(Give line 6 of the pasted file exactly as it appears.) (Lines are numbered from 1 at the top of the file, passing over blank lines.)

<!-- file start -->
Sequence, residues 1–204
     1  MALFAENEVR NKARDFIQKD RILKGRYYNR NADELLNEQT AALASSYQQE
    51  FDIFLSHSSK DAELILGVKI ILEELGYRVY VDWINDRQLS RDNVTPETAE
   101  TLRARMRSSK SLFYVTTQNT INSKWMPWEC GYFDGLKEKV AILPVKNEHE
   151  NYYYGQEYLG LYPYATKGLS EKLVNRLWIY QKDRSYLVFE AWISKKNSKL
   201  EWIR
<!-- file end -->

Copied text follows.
   201  EWIR